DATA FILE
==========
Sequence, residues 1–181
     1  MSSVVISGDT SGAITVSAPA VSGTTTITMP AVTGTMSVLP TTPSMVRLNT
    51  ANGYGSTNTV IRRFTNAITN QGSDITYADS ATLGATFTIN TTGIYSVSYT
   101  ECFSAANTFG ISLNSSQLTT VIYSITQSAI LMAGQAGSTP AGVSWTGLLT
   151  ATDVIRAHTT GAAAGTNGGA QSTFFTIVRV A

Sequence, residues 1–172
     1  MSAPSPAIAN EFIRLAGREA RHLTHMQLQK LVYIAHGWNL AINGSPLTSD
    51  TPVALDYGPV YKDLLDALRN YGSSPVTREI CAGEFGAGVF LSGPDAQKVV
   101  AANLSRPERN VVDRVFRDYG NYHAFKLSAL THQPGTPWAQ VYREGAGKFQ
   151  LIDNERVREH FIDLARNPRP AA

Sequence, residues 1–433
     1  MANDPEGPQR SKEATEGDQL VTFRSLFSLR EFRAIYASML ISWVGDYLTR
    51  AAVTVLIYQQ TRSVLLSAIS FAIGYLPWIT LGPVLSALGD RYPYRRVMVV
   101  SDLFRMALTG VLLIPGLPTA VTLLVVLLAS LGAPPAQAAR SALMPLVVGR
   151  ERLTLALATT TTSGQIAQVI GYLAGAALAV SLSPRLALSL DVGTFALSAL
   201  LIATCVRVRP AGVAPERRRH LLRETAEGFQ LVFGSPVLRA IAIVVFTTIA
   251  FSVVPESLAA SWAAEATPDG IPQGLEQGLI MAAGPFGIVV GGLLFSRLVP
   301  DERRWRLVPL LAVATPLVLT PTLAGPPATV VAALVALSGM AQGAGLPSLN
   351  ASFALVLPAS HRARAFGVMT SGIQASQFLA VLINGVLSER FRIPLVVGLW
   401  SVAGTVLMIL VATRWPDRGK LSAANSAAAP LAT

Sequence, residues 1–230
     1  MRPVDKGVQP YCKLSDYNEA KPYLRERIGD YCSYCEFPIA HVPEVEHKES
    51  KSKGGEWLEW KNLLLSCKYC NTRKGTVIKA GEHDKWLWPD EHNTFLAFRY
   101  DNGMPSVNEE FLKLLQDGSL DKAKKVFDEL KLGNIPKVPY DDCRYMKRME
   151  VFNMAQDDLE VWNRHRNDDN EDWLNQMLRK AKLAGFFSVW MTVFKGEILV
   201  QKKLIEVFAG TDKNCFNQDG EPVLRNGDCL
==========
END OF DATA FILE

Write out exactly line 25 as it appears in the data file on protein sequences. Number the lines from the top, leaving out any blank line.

   151  VFNMAQDDLE VWNRHRNDDN EDWLNQMLRK AKLAGFFSVW MTVFKGEILV